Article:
Issue #05 August 2017

Other Than The Present: A Schema for Time

If you were to ask someone at random for their theory of time, I suspect you are as likely to get the answer “time is an illusion” as you are to hear “time is really the accumulating sum of physical changes in the world”, or “there is really only the present moment”. We tend to accept at face value a split between our subjective experience of time and the objectivity that intrudes violently when the alarm clock wakes us from a pleasant dream, we discover we are late for work and we miss the train. As Jean Baudrillard wrote, “chronometric precision is par excellence the dimension of practical constraints, of society as external to us, and of Death.” No wonder then, that the call to simply “be in the present” is so attractive. If we accept that only the present truly exists, that past events are gone forever and the future is never here, then we can not only attune deeply to enjoying the fullness of this moment, but we have a pressure-gauge to manage the anxiety and stress of an intensely time-structured world. And, isn’t this rigid system of impersonal time and its supposed objectivity at the root of so many of the horrors of modernity? It is the distillation of the threat of smooth functioning machines which will render our messy, fleshy ways obsolete; it is the great chorus of false hopes for the future that ideologues and advertisers can always seem to make us sing, right up to the gates of the work-camp, or to a life of debt and regret? If only time — the great lie — could be abolished, it is thought, then we could all exist where we truly are, in the present. Surely then, having come to re-centre on the tangible, the felt, the alive, the authentic, the madness would end.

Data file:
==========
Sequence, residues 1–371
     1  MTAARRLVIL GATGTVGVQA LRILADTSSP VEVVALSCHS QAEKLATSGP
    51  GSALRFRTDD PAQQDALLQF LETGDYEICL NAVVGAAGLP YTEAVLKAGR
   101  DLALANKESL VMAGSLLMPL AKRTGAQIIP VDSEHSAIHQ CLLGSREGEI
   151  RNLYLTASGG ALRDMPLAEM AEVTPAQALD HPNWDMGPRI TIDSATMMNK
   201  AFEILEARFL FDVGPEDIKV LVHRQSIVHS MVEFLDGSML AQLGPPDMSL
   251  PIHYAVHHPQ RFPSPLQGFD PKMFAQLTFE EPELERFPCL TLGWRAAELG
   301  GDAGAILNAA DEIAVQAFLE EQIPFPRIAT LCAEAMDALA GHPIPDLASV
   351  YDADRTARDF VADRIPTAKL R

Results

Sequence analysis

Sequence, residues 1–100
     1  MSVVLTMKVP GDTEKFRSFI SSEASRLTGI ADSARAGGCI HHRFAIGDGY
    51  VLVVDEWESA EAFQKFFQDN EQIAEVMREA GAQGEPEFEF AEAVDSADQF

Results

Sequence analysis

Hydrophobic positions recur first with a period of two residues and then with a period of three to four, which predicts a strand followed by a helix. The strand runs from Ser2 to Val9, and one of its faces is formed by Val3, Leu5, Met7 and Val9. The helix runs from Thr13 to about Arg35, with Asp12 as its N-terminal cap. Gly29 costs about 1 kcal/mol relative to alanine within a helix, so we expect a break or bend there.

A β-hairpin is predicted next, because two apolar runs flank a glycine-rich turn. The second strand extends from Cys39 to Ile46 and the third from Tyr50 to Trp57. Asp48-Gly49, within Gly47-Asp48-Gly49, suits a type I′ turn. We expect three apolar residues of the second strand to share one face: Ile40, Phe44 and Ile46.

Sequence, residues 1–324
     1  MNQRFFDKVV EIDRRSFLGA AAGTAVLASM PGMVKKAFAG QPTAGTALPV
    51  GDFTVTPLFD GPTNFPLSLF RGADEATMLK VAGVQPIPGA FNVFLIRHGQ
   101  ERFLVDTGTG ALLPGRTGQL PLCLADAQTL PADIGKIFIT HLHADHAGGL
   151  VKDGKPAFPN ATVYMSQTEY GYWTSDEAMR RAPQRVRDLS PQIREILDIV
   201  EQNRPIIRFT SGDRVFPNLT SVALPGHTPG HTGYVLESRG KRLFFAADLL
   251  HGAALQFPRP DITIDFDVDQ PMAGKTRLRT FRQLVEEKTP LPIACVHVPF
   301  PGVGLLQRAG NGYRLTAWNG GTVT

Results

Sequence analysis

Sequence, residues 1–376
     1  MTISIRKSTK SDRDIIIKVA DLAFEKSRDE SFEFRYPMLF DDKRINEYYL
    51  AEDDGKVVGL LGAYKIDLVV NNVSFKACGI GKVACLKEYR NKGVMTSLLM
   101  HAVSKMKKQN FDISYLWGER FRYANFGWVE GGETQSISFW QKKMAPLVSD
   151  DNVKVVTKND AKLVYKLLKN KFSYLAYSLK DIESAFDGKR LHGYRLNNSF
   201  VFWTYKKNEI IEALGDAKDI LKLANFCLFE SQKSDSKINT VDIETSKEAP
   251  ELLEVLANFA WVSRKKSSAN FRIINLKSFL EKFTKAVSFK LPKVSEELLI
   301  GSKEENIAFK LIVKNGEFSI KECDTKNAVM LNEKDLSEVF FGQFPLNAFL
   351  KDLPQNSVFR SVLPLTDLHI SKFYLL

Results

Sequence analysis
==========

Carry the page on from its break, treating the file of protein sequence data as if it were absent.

Moholy-Nagy Laszlo “Construction” (1922)


August 2017


Hope Speaks: Eagleton, King Lear, and Star Wars

by Jedd Cole

A Tale of Two Socrates: Part Two

by Justin Richards

Other Than The Present: A Schema for Time

by Brendan De Paor-Moore

Remembering our Limits: The Ritual of Taizé as a Gesture of Humanity

by Tollef Graff Hugo

Adorno’s Negativity: Suffering Devoid of Sense, Sense Without Suffering

by Timofei Gerber